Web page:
600 Capitol Way North, Olympia, WA 98501-1091
December 30, 2003
Contact: Tim Waters, (360) 902-2262
2003 meant gains for state's fish and wildlife, good opportunities for outdoor enthusiasts
OLYMPIA—Washington’s fish and wildlife benefited from a number of actions in 2003, including progress on recovery plans for threatened and endangered species, the acquisition of critical habitat and implementation of initiatives designed to remove derelict commercial fishing gear and combat invasive species.
These conservation measures took place at the same time outdoor enthusiasts enjoyed some of the best opportunities in years, including exceptionally robust salmon fishing seasons on the Columbia River which produced an estimated 400,000 angler trips, according to the Washington Department of Fish and Wildlife (WDFW).
“Even though our state’s diverse fish and wildlife species continue to face immense pressures brought about by habitat loss or alteration, the past year has been a good one in terms of moving forward with important conservation measures,” said WDFW Director Jeff Koenings. “At the same time, we’ve been fortunate enough to be able to continue to provide diverse recreational opportunities to the state’s citizens.”
Koenings also noted that in 2003 WDFW joined with officials from the state Department of Community Trade and Economic Development to draft the first-ever strategic plan aimed at increasing wildlife-viewing tourism in rural areas. The plan was the outgrowth of Senate Bill 5011.
“What makes all of these accomplishments even more remarkable in my mind is that they occurred against a backdrop of continued agency budget cutbacks caused by the state's larger economic problems and shifting priorities on the federal level,” Koenings said.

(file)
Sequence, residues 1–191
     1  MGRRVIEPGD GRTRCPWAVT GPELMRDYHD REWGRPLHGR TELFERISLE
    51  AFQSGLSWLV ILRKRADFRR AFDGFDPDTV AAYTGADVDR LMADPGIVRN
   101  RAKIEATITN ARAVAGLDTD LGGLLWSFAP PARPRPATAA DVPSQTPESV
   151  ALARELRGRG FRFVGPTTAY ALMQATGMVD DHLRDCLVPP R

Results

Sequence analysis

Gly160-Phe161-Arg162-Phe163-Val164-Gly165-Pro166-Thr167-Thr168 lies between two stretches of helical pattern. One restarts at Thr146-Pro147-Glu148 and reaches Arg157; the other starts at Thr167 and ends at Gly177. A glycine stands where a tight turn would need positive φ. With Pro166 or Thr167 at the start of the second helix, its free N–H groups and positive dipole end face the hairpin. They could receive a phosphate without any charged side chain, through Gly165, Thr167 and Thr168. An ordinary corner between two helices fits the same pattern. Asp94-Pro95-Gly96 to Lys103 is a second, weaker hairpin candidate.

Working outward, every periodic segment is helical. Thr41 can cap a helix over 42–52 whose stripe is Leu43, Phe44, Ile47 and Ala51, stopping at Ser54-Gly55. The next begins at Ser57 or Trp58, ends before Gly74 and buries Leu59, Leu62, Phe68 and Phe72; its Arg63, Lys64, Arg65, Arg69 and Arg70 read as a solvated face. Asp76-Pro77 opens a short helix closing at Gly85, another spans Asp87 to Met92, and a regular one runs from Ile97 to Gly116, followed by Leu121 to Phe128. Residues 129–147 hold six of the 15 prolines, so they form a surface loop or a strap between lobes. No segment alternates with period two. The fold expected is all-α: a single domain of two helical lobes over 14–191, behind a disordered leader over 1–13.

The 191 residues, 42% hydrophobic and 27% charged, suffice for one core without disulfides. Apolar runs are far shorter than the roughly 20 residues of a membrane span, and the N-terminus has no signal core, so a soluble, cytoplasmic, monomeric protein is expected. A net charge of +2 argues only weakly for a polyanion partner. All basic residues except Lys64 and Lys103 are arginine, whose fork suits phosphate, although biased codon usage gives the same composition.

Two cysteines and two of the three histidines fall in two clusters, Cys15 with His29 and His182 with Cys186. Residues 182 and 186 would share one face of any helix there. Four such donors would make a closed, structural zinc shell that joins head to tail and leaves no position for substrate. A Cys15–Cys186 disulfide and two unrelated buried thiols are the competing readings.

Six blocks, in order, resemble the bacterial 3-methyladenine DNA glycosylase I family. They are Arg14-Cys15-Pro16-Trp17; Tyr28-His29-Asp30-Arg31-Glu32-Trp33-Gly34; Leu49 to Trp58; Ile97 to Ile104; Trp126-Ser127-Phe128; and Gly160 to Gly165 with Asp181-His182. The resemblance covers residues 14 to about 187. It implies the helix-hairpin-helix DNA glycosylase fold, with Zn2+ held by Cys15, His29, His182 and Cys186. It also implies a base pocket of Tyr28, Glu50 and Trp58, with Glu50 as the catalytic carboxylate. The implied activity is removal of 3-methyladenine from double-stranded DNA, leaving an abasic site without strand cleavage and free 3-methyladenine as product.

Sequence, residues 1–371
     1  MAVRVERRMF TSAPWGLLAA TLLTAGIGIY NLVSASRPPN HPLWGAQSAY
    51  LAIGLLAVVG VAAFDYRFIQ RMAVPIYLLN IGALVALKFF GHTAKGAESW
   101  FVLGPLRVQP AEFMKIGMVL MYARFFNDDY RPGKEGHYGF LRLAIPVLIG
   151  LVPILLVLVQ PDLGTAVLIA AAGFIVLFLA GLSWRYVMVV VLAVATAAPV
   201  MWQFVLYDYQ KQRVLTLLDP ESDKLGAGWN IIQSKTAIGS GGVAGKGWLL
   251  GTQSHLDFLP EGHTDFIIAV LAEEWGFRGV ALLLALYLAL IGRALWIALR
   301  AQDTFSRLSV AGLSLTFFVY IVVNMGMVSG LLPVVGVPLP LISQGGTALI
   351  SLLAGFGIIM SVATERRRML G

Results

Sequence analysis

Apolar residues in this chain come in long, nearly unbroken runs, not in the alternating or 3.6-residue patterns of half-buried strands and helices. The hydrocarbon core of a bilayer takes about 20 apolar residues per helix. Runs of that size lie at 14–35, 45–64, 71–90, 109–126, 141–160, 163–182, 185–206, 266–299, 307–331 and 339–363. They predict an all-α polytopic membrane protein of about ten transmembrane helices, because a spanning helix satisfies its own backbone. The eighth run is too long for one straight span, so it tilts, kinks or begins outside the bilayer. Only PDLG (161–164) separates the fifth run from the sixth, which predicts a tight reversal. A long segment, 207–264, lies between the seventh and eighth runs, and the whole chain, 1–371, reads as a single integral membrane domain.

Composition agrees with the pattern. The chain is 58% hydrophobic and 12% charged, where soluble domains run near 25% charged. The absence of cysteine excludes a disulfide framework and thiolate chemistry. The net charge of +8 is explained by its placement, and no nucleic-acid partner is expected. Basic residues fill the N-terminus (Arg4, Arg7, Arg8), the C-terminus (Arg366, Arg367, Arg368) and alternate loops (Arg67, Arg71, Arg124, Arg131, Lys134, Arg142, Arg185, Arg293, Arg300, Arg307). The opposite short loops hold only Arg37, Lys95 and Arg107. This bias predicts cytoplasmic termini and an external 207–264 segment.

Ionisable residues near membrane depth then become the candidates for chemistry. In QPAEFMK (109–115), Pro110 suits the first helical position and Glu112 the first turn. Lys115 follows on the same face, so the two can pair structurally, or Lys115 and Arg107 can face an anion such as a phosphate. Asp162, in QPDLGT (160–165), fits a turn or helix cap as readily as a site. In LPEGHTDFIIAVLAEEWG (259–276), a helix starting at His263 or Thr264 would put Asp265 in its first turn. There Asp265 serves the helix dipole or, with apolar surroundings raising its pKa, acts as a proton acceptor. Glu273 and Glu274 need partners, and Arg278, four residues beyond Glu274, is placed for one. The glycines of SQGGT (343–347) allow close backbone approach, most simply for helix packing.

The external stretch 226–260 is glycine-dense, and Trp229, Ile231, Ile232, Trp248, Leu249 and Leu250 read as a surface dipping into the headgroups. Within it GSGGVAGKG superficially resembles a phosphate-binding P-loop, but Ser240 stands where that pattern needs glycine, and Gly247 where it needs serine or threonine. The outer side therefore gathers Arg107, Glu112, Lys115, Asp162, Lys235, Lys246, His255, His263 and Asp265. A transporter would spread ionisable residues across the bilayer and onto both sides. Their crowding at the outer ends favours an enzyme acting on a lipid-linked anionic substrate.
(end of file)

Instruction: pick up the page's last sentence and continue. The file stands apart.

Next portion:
Following are some key fish and wildlife accomplishments in 2003:
Wildlife species recovery initiatives: The Department continued progress on recovery plans for numerous native fish and wildlife species, including Puget Sound orcas, pygmy rabbits, sea otters, sage grouse and the leopard frog. In addition, the Department took a major step forward in conservation efforts to rebuild the depleted North Cascades elk herd by transferring elk to the area from Mt. St. Helens.
Cougar management: Work continued on various cougar management initiatives, including the development of expanded public education efforts, a new population research project and continuation of the public safety cougar removal permit program.
Expansion of selective fisheries: In a move to broaden selective fishing, which allows anglers to target hatchery-produced fish while sparing protected wild salmon, WDFW fish managers created the first-ever marine area recreational selective chinook fishery in the western Strait of Juan de Fuca. Anglers made an estimated 25,000 trips and harvested 3,585 marked hatchery fish, providing an economic boon for businesses from Sequim to Sekiu. In addition, WDFW also signed a landmark, 10-year agreement with federal and public utility officials that allowed a mark recreational fishery on upper Columbia River steelhead.
Acquisition of critical fish and wildlife habitat: WDFW acquired 8,500 acres, including high-quality steppe grassland and riparian habitat, along the South Fork Asotin Creek and George Creek in southeastern Washington. The land, known as the Schlee property, was acquired with support of county commissioners and purchased with mitigation funds provided by the Bonneville Power Administration. The land will provide valuable protection for federally listed bull trout, steelhead, and chinook salmon. The agency also purchased 636 acres of wetlands and 39 acres of lakeshore buffer at Sprague Lake near Spokane. This property, known as the Hercules Ranch, was purchased with a state aquatic lands enhancement grant and will provide important waterfowl habitat and improved recreational opportunities.